The unlimited liability Just how did the unfunded liability of public pensions -- federal, state and local -- get to the sky-high level of $1.8 trillion and counting? If you guessed that it's mostly because the federal government (which accounts for the first $1.5 trillion -- $1500000000000.00) covers it up, you were right. Uncle Sam funds federal pensions largely on a pay-as-you-go basis. If the federal government had to account for pensions the same way it requires corporations to do so, Schieber estimates, overnight the formal U.S. debt would increase 32%, from $4.7 trillion to $6.2 trillion. In addition, although 39 states have enough money invested to cover at least 80% of their future pension obligations, the other 11 (Connecticut, Delaware, Illinois, Indiana, Louisiana, Maine, Massachusetts, Michigan, Oklahoma, Vermont and West Virginia) plus the District of Columbia have serious shortfalls: The state of Massachusetts, the country's worst offender, has promised $9 billion more in pension benefits than it has money set aside to pay for them. In New York, from 1990 to 1993, $4 billion was held back from scheduled pension fund payments because the state could not afford to make them. And Washington, D.C. is $5.5 billion in the red in its pension plans, equal to more than $9,000 for every man, woman and child living in the nation's capital. One sign that the problem is deepening, particularly in revenue-starved states and cities with large public payrolls: Lately even candidates who have won office on anti-tax platforms -- like Gov. Christine Todd Whitman of New Jersey and Mayor Rudolph Giuliani of New York City -- have been putting off public-pension funding as part of their efforts to balance budgets without raising taxes. The fruits of such postponements are bitter indeed, since funding that's not made today cannot earn and compound interest in the future. An axiom among pension experts: Every pension dollar that was set aside in 1970 is saving taxpayers $12.87 today.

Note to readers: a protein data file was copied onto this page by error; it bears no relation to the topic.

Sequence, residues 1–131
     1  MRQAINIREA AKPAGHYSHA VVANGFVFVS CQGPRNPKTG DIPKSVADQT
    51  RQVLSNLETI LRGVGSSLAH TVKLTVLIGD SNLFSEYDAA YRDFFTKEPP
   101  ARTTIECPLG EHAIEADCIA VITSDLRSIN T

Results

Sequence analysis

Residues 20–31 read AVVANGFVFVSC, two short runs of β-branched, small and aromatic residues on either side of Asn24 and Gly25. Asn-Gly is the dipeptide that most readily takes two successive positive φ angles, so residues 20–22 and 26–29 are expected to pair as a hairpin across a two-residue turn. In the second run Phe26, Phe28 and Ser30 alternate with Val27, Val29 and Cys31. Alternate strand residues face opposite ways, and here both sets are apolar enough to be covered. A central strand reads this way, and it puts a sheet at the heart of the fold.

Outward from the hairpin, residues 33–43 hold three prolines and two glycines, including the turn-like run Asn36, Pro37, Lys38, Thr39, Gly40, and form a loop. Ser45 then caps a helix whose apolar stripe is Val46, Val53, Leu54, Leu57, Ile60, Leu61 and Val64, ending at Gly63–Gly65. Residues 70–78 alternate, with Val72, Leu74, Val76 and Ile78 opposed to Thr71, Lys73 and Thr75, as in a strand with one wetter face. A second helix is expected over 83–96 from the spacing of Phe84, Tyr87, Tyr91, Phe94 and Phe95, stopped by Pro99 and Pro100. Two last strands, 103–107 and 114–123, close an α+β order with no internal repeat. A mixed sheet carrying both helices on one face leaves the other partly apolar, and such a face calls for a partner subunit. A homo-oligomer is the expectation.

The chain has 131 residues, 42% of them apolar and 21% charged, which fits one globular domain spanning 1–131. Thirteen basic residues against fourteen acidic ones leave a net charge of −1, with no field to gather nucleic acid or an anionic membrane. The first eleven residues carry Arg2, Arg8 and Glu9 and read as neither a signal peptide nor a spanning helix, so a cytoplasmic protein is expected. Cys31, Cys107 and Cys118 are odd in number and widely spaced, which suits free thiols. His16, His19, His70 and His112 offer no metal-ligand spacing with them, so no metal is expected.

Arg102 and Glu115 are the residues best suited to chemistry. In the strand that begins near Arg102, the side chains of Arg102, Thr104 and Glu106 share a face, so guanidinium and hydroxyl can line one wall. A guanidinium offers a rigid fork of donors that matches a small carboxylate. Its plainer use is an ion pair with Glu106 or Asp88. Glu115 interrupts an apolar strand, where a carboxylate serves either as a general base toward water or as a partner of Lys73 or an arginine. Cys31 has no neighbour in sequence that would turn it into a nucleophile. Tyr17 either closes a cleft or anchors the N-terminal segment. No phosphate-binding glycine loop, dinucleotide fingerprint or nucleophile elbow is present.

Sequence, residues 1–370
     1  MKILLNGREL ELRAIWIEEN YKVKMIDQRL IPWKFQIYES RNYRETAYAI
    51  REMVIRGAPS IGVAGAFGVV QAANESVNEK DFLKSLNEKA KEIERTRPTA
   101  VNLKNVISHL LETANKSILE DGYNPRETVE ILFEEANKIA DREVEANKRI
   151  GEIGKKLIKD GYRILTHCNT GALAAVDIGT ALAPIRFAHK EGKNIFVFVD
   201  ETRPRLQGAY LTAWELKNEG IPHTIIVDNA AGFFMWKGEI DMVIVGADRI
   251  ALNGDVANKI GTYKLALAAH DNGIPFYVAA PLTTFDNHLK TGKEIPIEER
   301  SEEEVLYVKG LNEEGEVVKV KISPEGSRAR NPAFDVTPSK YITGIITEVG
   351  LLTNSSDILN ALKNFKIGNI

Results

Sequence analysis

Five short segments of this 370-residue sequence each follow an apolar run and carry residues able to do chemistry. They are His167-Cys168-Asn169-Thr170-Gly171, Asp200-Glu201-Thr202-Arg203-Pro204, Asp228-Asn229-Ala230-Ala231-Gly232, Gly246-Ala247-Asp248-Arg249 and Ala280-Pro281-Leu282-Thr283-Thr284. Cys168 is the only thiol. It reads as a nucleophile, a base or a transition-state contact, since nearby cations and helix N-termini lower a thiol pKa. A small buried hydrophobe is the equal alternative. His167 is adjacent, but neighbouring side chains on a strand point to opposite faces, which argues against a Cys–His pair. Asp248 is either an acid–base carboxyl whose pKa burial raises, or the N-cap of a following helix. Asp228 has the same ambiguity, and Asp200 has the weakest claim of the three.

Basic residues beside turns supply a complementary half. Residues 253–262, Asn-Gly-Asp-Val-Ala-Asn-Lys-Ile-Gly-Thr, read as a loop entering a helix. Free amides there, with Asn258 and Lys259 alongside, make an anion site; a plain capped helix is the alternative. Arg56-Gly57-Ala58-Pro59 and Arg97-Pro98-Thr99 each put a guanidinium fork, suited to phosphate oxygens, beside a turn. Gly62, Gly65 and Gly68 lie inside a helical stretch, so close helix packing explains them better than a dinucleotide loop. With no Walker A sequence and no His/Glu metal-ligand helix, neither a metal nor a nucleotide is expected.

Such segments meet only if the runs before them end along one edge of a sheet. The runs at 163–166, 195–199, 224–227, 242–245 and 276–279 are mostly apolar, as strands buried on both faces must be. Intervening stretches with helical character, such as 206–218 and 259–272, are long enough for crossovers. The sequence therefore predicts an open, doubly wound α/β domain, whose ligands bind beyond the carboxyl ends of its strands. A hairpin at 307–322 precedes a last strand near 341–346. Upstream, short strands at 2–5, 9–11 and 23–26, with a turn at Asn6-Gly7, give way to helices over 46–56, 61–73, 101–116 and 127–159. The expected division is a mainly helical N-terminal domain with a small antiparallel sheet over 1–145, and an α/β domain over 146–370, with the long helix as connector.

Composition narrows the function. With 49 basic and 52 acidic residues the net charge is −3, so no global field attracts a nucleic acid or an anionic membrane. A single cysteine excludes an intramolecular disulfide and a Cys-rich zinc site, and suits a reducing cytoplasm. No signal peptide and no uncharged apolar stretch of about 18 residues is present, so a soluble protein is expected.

What can you do to stop the overfeeding at the public-pension trough? Interviews with dozens of pension experts, reformers and public officials who fight spiking suggest making yourself heard on three fronts: -- Write to your senator and representative in Congress. Demand that annual federal pension COLAs be reduced and that the standard age for federal workers to collect full retirement benefits be increased to 65 instead of 55 with 30 years of service. Raising the retirement age would effectively slice the federal COLA outlays. -- Write to the Bipartisan Commission on Entitlement and Tax Reform appointed by President Clinton and headed by Senators Bob Kerrey (D-Neb.) and John Danforth (R-Mo.). (The address: 120 Constitution Ave. N.E., 825 Hart Senate Office Bldg., Washington, D.C. 20510.) The blue-ribbon panel, whose report is due to the President in December, is searching for ways to cut Social Security and Medicare costs. Tell the commission to continue to give significant attention to federal pensions too. -- Finally, write to your state, county and city representatives. Urge them to restrict COLAs for public employees, require that pensions be based on the five final years of salary to prevent spiking, and ban pension increases in lieu of regular pay raises. The taxes you save will be your own.

CHART: NOT AVAILABLE CREDIT:Sources: Employee Benefit Research Institute, Wyatt Co. CAPTION: PUBLIC PENSIONS DWARF PRIVATE PAYOUTS NOW Government retirees can afford to smile more than corporate types.